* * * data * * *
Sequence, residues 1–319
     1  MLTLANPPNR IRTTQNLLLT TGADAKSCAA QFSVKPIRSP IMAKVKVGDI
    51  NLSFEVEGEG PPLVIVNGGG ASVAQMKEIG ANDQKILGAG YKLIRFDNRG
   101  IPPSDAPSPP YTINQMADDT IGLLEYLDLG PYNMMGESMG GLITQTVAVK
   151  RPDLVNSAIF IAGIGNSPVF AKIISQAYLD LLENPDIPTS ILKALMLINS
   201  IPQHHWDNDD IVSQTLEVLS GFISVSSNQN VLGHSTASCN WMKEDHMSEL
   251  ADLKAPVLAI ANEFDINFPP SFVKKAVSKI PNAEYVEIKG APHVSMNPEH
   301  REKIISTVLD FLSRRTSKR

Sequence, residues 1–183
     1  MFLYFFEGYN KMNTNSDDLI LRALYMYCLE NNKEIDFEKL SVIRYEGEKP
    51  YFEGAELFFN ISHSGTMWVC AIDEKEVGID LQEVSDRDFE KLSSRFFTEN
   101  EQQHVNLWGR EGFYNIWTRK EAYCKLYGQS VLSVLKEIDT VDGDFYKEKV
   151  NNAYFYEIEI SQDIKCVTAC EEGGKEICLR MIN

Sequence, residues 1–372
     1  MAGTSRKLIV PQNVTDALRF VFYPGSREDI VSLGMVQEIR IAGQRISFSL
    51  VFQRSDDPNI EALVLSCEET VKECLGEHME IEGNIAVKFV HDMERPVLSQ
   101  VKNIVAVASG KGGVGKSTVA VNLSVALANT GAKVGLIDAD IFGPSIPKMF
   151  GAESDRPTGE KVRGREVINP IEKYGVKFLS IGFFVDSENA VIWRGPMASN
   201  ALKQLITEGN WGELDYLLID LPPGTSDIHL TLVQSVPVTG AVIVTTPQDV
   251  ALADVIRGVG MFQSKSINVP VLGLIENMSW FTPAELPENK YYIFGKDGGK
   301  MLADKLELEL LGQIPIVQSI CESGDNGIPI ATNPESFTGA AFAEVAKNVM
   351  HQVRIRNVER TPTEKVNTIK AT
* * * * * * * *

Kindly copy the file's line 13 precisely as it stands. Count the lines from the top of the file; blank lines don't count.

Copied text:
   151  NNAYFYEIEI SQDIKCVTAC EEGGKEICLR MIN